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Old High Court restorations nearly complete
12 February 2016
Work is nearly complete on restorations underway in the Old High Court building, the hub of the Supreme Court’s Commercial Court hearings today.
In June 2015, the Supreme Court of Victoria received a grant from the Australian Government Department of Environment’s Protecting National Historic Sites program.
The $150,000 grant was obtained to undertake much needed maintenance works to the interior of the former High Court building, including restoration of the beautiful timber work and panelling, seating and other furniture in the three courtrooms. In addition, the Court is developing a historic interpretation program that includes a public brochure and displays that explain the building and its historic significance.
The Old High Court was included on the National Heritage List in July 2007. It was constructed between 1926 and 1928, at a time when Melbourne was the administrative capital of the Commonwealth of Australia. The architect, John Smith Murdoch, is also responsible for the design of the Old Parliament House.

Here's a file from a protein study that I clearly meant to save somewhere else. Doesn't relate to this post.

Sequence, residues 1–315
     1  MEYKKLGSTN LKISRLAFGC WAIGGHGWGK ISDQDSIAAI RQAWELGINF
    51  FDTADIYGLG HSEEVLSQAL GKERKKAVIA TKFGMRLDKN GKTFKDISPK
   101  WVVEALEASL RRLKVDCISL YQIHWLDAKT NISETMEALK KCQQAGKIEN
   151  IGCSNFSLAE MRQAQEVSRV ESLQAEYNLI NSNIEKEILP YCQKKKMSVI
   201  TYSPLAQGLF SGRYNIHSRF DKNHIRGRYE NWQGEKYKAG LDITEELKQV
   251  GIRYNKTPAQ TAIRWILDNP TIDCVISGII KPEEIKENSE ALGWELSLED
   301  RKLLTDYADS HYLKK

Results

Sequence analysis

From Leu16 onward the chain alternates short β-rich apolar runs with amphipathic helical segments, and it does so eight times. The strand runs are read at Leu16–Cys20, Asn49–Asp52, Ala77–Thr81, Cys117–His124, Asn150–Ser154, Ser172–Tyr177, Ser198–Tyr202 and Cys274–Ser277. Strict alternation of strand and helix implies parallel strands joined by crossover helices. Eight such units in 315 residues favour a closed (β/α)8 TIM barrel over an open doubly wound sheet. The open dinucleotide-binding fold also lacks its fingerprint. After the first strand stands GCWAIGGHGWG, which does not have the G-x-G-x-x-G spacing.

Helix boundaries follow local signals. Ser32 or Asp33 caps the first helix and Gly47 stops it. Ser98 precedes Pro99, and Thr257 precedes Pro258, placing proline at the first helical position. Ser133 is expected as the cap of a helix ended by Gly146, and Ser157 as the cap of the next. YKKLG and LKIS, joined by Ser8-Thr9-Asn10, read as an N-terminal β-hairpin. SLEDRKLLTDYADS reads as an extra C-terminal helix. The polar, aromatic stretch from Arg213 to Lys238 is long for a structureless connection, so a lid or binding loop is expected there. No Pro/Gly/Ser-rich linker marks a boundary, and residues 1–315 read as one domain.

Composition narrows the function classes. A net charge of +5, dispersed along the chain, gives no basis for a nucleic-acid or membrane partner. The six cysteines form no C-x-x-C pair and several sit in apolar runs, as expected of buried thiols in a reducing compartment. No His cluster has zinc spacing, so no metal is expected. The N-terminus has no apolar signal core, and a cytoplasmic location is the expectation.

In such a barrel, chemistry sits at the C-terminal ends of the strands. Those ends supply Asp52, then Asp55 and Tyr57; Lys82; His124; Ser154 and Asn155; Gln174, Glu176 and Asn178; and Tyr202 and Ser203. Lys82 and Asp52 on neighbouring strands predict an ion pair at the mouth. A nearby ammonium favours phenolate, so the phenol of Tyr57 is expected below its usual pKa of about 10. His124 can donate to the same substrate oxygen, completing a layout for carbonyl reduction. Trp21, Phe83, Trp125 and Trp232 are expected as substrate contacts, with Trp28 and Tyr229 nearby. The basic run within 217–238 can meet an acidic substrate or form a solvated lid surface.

The High Court of Australia remained in the building until 1980. For a period thereafter the building was occupied by the Federal Court of Australia. And following the completion of the Federal Court buildings in 1999, the Old High Court building was taken over by the Supreme Court.
The building retains much of its pre-1940s character and today operates as a busy courthouse. The Supreme Court hears mainly civil matters in the courtrooms; the Commercial Court Registry, judicial chambers and staff offices are also located on site. The original library remains intact and looks remarkably similar to when it was first completed in 1928.
Although the building receives ongoing maintenance, as a high volume courthouse it is subject to wear and tear. Receiving the grant has provided the Court with the means to ensuring the history and heritage of the building is maintained for generations to come.